In This Chapter
Why multiple t-tests won't work
What to do after an ANOVA
Working with repeated measures
Performing a trend analysis
Statistics would be limited if you could only make inferences about one or two samples. In this chapter, I discuss the procedures for testing hypotheses about three or more samples. I show what to do when samples are independent of one another, and what to do when they're not. In both cases, I discuss what to do after you test the hypotheses.
I also introduce Excel data analysis tools that do the work for you. Although these tools aren't at the level you'd find in a dedicated statistical package, you can combine them with Excel's standard features to produce some sophisticated analyses.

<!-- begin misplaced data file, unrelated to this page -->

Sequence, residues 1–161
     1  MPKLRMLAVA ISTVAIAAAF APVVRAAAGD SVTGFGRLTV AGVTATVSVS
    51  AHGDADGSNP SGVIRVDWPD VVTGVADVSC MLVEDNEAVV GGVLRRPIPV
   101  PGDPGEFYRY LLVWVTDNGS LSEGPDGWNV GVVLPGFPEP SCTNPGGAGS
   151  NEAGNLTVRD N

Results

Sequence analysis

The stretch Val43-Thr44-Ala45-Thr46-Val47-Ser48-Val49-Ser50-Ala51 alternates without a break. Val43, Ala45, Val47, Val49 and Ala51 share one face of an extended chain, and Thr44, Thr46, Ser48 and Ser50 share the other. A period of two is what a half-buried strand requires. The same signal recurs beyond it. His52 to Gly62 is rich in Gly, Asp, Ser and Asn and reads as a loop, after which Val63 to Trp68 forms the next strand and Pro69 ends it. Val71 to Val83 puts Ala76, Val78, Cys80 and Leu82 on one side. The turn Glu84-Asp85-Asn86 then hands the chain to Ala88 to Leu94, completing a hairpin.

Imagine this situation. Your company asks you to evaluate three different methods for training its employees to do a particular job. You randomly assign 30 employees to one of the three methods. Your plan is to train them, test them, tabulate the results, and make some conclusions. Before you can finish the study, three people leave the company — one from the Method 1 group, and two from the Method 3 group.
Table 12-1 shows the data.
Table 12.1. Data from Three Training Methods
Do the three methods provide different results, or are they ...